Category Archives: Discovery

Tapes and onions

Today, with surveillance cameras everywhere, it’s good to remember that everything you say may be recorded.  Even by someone you trust.  And those recordings turn up.

“Cohen Recorded Talk With Trump,” The Wall Street Journal, July 21, 2018 A1.  Trump’s then-personal lawyer recorded a conversation with then-private-citizen Trump about a story about a Playboy model.

Several different layers of onion involving this tape its creation, its collection by the FBI under a warrant, its production after a court-ordered review, its release to the press, and its impact.  And who owns it, at each stage of the process?  Did Trump know he was being taped?  Was this privileged?  Was the privilege waived?  How and by whom?

I just ask the questions.

 

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Filed under Access, Controls, Discovery, Duty, Government, Internal controls, Lawyers, Legal, Ownership, Privacy, Privilege, Third parties

Poster boy for Information Governance

Years ago, while teaching a course to MBA students at Rice University, I used the Target credit card breach as a case study.  It touched a lot of bases.  Now we have a better one.

While there have been a lot of information governance-related stories in the news over the past two years, including Equifax and Facebook and VW and Wells Fargo, my nominee for the one name associated with the most significant teaching example in information governance and compliance is the former FBI Director, James Comey.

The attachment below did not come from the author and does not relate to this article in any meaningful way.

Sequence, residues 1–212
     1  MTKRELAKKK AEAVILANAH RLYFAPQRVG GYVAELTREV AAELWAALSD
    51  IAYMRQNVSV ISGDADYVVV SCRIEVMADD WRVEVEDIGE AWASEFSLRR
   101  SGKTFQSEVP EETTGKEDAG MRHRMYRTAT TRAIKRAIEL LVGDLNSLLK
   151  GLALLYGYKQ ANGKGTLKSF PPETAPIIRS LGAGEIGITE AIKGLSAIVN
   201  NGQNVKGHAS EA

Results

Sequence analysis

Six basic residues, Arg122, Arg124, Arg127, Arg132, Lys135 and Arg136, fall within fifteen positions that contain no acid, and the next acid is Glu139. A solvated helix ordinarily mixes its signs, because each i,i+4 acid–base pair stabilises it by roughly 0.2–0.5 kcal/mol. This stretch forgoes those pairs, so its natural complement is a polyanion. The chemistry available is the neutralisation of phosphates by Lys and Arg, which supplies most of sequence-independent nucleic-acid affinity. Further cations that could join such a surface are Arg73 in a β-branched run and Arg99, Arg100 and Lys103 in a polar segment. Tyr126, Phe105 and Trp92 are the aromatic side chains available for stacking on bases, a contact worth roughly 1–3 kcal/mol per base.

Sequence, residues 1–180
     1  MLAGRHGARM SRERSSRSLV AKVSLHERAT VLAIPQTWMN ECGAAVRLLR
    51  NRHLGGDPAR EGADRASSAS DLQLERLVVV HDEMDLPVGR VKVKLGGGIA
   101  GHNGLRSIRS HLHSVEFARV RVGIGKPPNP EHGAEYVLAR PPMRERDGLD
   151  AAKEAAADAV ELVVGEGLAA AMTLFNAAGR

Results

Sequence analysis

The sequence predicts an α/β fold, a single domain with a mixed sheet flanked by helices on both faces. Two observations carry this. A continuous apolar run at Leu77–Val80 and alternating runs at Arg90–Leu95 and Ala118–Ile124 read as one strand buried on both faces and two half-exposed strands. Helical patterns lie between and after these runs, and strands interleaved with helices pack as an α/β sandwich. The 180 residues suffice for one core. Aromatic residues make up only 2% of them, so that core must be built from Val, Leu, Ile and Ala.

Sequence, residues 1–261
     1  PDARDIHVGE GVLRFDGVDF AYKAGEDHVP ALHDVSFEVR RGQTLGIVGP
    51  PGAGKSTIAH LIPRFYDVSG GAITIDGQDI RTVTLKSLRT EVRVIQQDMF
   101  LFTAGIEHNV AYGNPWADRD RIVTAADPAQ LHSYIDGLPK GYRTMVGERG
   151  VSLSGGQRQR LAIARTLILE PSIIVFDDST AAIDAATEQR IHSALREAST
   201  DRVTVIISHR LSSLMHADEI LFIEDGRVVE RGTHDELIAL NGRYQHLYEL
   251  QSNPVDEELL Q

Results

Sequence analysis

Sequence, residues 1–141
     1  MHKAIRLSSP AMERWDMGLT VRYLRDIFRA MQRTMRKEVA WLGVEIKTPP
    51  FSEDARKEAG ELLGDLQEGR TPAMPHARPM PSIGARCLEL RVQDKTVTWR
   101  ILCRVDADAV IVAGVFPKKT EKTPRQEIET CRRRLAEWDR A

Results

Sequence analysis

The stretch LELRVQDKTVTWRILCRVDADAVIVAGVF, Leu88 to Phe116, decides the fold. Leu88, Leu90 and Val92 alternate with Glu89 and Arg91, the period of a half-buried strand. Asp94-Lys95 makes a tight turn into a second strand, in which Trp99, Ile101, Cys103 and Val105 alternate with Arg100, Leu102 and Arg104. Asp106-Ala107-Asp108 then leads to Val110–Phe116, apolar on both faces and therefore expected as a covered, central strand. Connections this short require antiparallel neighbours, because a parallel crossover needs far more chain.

First, he gave us The Day That Information Governance Died, with his July 5, 2016 pronouncement that, notwithstanding her clear violations of several applicable legal laws dealing with the handling of confidential or secret information (and the destruction of information subject to a subpoena), Secretary Hillary Clinton’s use (and wiping) of a private server to store government email was not going to be prosecuted.  Such a pronouncement deviated “‘from well-established Department policies'” that the FBI does not comment about  ongoing criminal investigations.

Then he wrote a memo ostensibly commemorating a meeting he had with his boss on government business on a government computer (while in a government vehicle) during the work day, and declared that that was his personal correspondence that he could (and did) distribute as he pleased.

And now we learn that he conducted government business over his own private gmail account {that information does not appear in the WSJ article – Ed.}, and actively avoid his boss’ oversight (and his bosses failed to adequately supervise him).  “Report Blasts FBI Agents, Comey Over Clinton Probe,” The Wall Street Journal, June 15, 2018 A1. Inspector General releases his report on the Clinton Investigation.